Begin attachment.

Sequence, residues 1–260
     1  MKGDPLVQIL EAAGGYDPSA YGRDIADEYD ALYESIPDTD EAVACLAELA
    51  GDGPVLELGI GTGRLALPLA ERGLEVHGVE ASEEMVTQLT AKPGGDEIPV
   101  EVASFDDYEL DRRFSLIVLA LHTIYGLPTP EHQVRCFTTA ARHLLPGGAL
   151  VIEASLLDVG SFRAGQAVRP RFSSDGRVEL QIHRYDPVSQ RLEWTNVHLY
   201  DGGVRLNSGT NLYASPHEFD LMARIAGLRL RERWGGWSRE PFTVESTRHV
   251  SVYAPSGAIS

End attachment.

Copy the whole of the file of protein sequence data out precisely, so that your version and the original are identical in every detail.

Sequence, residues 1–260
     1  MKGDPLVQIL EAAGGYDPSA YGRDIADEYD ALYESIPDTD EAVACLAELA
    51  GDGPVLELGI GTGRLALPLA ERGLEVHGVE ASEEMVTQLT AKPGGDEIPV
   101  EVASFDDYEL DRRFSLIVLA LHTIYGLPTP EHQVRCFTTA ARHLLPGGAL
   151  VIEASLLDVG SFRAGQAVRP RFSSDGRVEL QIHRYDPVSQ RLEWTNVHLY
   201  DGGVRLNSGT NLYASPHEFD LMARIAGLRL RERWGGWSRE PFTVESTRHV
   251  SVYAPSGAIS